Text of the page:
NOTE: "HIPAA level" is defined as needing assistance with at least two activities of daily living or supervision due to severe cognitive impairment that is expected to last at least 90 days. DYNASIM projects home care in annual hours, rather than service days/visits. Best guess estimate transforms annual hours by assuming at least 4 hours of home care per service day; higher bound estimate assumes minimum of 2 hours per service day.

 

TABLE 3A. Average Present Discounted Value (2020 dollars) of Expenditures from Age 65 through Death Projected for People Turning 65 in 2020-2024: Men
Payer Total Expenditures Community-Based
(includes residential care)
Nursing Facility
Dollars Percentage Dollars Percentage Dollars Percentage
Public $25,600 41.4% $6,700 23.6% $18,830 56.0%
   Medicaid 23,900 38.6% 6,500 22.9% 17,330 51.6%
   Other Public 1,700 2.7% 200 0.7% 1,500 4.5%
Private $36,300 58.6% $21,700 76.4% $14,800 44.0%
   OOP 34,500 55.7% 20,300 71.5% 14,400 42.9%
   Private Insurance 1,800 2.9% 1,400 4.9% 400 1.2%
Total $61,900 100.0% $28,400 100.0% $33,600 100.0%
SOURCE: Authors' tabulations from DYNASIM4, run id974.
NOTE: We use a real discount rate of 2.5% (5.1% nominal) in these calculations. Residential care is included in community-based, not nursing facilities. LTSS prices are state and setting-specific, based on Hansen Hunter (2018), Genworth (2019), and other sources. Nursing home, home care, and residential care prices are adjusted for wage inflation.

 

TABLE 3B. Average Present Discounted Value (2020 dollars) of Expenditures from Age 65 through Death Projected for People Turning 65 in 2020-2024: Women
Payer Total Expenditures Community-Based
(includes residential care)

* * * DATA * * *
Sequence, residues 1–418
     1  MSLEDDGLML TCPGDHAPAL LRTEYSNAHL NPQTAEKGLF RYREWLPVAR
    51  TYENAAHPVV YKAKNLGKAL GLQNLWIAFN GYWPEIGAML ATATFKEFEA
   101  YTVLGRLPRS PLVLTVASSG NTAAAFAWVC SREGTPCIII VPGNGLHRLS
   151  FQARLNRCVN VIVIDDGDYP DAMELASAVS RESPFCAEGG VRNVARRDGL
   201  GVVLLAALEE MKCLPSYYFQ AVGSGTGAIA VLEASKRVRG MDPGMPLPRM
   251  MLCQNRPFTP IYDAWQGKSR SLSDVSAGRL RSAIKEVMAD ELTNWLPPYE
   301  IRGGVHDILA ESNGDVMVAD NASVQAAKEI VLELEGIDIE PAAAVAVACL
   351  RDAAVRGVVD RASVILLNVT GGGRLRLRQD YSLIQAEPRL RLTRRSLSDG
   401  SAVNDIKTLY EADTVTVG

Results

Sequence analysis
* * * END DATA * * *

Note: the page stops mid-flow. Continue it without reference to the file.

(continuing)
Nursing Facility
Dollars Percentage Dollars Percentage Dollars Percentage
Public $38,600 39.7% $10,300 26.3% $28,400 49.0%
   Medicaid 37,500 38.5% 10,000 25.5% 27,600 47.6%
   Other Public 1,100 1.1% 300 0.8% 800 1.4%
Private $58,700 60.3% $28,900 73.7% $29,600 51.0%
   OOP 55,600 57.1% 27,300 69.6% 28,100 48.4%
   Private Insurance 3,100 3.2% 1,600 4.1% 1,500 2.6%
Total $97,300 100.0% $39,200 100.0% $58,000 100.0%
SOURCE: Authors' tabulations from DYNASIM4, run id974.
NOTE: We use a real discount rate of 2.5% (5.1% nominal) in these calculations. Residential care is included in community-based, not nursing facilities. LTSS prices are state and setting-specific, based on Hansen Hunter (2018), Genworth (2019), and other sources. Nursing home, home care, and residential care prices are adjusted for wage inflation.

 

TABLE 3C. Average Present Discounted Value (2020 dollars) of Expenditures from Age 65 through Death Projected for People Turning 65 in 2020-2024: Combined Men and Women
Payer Total Expenditures Community-Based
(includes residential care)
Nursing Facility
Dollars Percentage Dollars Percentage Dollars Percentage
Public $32,300 40% $8,600 25% $23,700 51%
   Medicaid 30,900 39% 8,300 24% 22,600 49%
   Other Public 1,400 2% 300 1% 1,100 2%
Private $47,900 60% $25,400 75% $22,400 49%
   OOP 45,400 57% 23,900 70% 21,400 46%
   Private Insurance 2,500 3% 1,500 4% 1,000 2%
Total $80,200 100% $34,000 100% $46,100 100%
SOURCE: Authors' tabulations from DYNASIM4, run id974.
NOTE: We use a real discount rate of 2.5% (5.1% nominal) in these calculations. Residential care is included in community-based, not nursing facilities. LTSS prices are state and setting-specific, based on Hansen Hunter (2018), Genworth (2019), and other sources. Nursing home, home care, and residential care prices are adjusted for wage inflation.

 

TABLE 3D. Average Present Discounted Value (2020 dollars) of Expenditures from Age 65 through Death Projected for People Turning 65 in 2020-2024: Men with HIPAA-Level LTSS Use
Payer Total Expenditures Community-Based
(includes residential care)
Nursing Facility
Dollars Percentage Dollars Percentage Dollars Percentage
Public $57,900 40.7% $14,800 22.6% $43,100 56.1%
   Medicaid 54,000 38.0% 14,300 21.9% 39,700 51.7%
   Other Public 3,900 2.7% 500 0.8% 3,400 4.4%
Private $84,300 59.3% $50,600 77.4% $33,700 43.9%
   OOP 80,300 56.5% 47,500 72.6% 32,800 42.7%
   Private Insurance 4,000 2.8% 3,100 4.7% 900 1.2%
Total $142,200 100.0% $65,400 100.0% $76,800 100.0%
SOURCE: Authors' tabulations from DYNASIM4, run id974.
NOTE: We use a real discount rate of 2.5% (5.1% nominal) in these calculations. Residential care is included in community-based, not nursing facilities. LTSS prices are state and setting-specific, based on Hansen Hunter (2018), Genworth (2019), and other sources. Nursing home, home care, and residential care prices are adjusted for wage inflation.

 

TABLE 3E. Average Present Discounted Value (2020 dollars) of Expenditures from Age 65 through Death Projected for People Turning 65 in 2020-2024: Women with HIPAA-Level LTSS Use